Now, this sort of thing would be perfectly reasonable if in fact PARKINSON was any good but even on that front we beg, loudly, to differ. We will concede that, during the first few years of his original run it was indeed a show with a bit of content but even that now only serves to highlight the collapse in the standard of his technique. During one of Kenneth Williams’ frequent, and welcome, appearances on the programme, this time alongside Maggie Smith and John Betjeman ( and how many poets have been guests recently we wonder?), KW went off on an extended rant about the uselessness of the Wilson government making particular reference to the building of the infamous white elephant tower block Centrepoint. The point Ken was making, with some justification, amounted to a belief that a supposedly socialist government should be spending money on homes and not grand building projects no-one wanted. He underlined his point, and the hypocrisy, as he saw it, of Wilson, by mentioning the statue outside of Transport House of a man helping another man to his feet. Right or not it was a cogent case argued with some force and panache. Parkinson, then known widely as being a socialist, countered with a gruff, “Can I just say I think that’s crap,” which drew a round of applause and laughter from the audience. KW was clearly taken aback, as was Maggie Smith, but had the good grace – and sense – to laugh it off in superbly queenish fashion, “I’ve never been so insulted in all my life!” etc.
Now, spool forward 30 years or so to Parkinson’s first ever guest on ITV1, Tom Cruise. Cruise sat on top of his orange box and ploughed through his stock drivel about scientology which, he alleged, had cured his lifelong dyslexia (even though a few moments later he detailed how Steven Soderbergh had sent him the script for his latest film project in picture form; no fool Steve). Parky’s comment on this? “Fascinating” and on we go.
At least when Cruise started to waffle on the same ludicrous theme on the TODAY show in America – this time berating Brooke Shields for saying publicly that she had taken treatment for depression involving anti-depressant drugs, the host, Matt Lauer (a journalist, lest we forget), had a pop at him and questioned his qualifications – those amounting to a belief scientology – in being able to condemn an entire field of science, namely psychiatry (though Cruise changed that to psychology and back in the course of the interview thereby conveying his deep understanding of the subject), to the star’s obvious consternation and irritation. Result: headlines worldwide. Perhaps Parky studied a different form of journalism than Lauer.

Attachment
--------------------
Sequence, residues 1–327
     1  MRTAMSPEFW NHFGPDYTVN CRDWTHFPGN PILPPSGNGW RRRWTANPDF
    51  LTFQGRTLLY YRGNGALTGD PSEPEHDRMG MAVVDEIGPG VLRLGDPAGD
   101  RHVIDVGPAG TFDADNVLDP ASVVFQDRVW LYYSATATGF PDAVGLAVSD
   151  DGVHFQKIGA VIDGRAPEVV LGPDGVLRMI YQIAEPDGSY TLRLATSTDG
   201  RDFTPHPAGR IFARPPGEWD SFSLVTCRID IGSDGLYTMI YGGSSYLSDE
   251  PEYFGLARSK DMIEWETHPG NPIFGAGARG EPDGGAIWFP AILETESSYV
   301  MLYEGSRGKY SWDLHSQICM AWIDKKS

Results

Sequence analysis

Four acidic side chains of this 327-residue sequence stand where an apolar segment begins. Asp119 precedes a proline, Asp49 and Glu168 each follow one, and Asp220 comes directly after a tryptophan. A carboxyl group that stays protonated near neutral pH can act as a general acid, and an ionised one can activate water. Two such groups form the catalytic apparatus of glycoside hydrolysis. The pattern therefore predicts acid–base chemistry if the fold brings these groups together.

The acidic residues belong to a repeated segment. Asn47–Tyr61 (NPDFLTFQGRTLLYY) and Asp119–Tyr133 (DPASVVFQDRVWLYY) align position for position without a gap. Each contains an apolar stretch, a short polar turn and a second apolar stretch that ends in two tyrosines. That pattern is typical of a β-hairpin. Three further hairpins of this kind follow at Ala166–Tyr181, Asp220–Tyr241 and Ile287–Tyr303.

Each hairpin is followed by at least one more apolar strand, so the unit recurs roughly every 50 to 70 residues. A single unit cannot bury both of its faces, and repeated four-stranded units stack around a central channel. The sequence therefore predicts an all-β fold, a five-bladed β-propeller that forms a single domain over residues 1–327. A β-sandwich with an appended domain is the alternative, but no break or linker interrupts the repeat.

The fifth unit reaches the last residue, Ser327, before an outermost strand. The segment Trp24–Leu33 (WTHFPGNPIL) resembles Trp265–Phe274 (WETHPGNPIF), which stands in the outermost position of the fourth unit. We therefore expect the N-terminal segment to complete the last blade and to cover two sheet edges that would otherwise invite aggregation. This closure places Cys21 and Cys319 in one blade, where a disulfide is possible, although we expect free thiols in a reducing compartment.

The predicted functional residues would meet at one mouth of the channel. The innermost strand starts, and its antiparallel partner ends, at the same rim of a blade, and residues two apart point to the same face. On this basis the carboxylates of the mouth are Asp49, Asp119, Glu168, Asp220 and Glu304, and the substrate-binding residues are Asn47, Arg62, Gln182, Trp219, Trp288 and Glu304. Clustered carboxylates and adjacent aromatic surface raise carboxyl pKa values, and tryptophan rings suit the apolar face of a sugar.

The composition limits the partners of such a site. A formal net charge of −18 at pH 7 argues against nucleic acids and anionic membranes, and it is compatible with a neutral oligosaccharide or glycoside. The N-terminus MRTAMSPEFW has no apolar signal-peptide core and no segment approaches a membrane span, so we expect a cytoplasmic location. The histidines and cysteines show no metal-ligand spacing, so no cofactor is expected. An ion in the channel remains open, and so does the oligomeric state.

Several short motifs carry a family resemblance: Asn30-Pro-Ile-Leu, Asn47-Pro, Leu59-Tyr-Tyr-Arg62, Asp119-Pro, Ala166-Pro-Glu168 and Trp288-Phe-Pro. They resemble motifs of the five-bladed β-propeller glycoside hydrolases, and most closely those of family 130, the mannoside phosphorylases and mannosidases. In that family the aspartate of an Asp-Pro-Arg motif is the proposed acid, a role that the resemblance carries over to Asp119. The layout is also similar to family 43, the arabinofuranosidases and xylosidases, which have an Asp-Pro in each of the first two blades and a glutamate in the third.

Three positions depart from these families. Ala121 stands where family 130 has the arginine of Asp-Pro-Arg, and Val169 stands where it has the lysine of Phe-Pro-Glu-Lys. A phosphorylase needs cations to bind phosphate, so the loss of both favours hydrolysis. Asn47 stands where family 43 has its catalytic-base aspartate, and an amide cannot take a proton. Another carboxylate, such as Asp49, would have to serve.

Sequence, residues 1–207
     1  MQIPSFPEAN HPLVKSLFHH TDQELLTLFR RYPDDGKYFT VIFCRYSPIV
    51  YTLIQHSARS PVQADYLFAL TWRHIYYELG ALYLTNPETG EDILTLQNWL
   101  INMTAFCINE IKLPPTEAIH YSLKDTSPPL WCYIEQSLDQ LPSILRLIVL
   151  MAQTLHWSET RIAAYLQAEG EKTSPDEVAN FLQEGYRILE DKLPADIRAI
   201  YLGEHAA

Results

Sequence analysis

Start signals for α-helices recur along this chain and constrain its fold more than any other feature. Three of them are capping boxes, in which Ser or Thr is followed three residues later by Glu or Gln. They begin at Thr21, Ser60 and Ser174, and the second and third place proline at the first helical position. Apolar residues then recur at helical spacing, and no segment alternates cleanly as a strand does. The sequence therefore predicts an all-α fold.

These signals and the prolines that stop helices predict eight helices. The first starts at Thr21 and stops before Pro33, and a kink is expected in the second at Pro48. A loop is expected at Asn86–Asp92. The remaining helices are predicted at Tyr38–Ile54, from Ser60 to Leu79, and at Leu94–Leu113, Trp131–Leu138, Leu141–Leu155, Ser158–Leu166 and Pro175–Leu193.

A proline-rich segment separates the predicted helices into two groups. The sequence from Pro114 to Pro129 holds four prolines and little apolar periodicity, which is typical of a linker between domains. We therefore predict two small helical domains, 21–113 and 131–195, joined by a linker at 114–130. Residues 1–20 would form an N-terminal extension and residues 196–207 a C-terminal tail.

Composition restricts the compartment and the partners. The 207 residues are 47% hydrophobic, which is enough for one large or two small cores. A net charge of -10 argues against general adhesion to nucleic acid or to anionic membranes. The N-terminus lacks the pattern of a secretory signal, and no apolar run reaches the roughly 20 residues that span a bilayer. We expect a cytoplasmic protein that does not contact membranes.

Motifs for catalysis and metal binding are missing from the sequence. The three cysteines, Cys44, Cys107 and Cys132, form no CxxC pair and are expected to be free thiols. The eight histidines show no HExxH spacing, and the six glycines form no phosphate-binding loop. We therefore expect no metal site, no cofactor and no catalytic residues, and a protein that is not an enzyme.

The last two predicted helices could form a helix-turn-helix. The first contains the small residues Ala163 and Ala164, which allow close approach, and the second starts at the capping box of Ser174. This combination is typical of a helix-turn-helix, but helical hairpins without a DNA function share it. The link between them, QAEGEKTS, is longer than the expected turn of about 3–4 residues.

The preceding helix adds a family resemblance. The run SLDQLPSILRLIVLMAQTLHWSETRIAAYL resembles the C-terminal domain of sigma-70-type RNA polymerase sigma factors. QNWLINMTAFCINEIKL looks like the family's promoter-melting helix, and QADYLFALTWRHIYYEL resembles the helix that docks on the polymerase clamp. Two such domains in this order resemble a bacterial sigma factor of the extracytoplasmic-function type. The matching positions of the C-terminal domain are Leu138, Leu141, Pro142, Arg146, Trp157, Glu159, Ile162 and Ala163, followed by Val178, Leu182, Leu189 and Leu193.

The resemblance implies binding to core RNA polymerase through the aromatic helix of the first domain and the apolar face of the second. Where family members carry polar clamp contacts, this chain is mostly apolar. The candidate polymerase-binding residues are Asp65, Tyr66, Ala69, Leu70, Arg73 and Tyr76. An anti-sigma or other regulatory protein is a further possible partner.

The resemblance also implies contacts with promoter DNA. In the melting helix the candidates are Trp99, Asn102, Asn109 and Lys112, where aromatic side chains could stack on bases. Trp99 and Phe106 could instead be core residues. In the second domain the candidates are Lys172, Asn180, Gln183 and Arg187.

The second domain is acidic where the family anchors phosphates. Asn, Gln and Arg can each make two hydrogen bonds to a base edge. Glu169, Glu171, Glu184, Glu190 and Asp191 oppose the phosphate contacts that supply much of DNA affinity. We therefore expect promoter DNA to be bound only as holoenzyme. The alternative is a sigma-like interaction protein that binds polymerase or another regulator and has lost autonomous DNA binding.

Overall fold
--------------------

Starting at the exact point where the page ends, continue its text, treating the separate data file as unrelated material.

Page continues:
On a similar note, when Mike interviewed Woody Allen, embroiled at the time in the scandal regarding his marrying his adopted daughter, Parkinson’s questioning on the matter was pathetically lame. Allen said his enquiry was voyeuristic, Parkinson said it wasn’t, Allen refused to be drawn to any degree and on we go. One would think that a ‘journalist’ would be a bit tenacious or at the very least smell a scoop if Allen had stormed off the set.
In fact, letting alone the recent incarnation, even as far back as the famous interview with Peter Sellers in 1974, Parkinson failed to challenge Sellers’s suggestion that he had had an affair with Sophia Loren which was patent nonsense. So the notion that Michael Parkinson has ever been any sort of inquisitor, or ever given any celebrity any sort of hard time or even penetrating interview, and has in fact been anything other than a cipher for celebs to put on show their array of anecdotage, is nonsense mostly peddled by him and unaccountably proliferated by a curiously compliant press.
When Jack Paar, host of the US programme THE JACK PAAR SHOW and telly’s first proper chat star, finished his programme in 1956 (before going on to kick off THE TONIGHT SHOW), he ended up by telling the audience, “There must be better ways of making a living than this.” Do us a favour Parky, go and find one.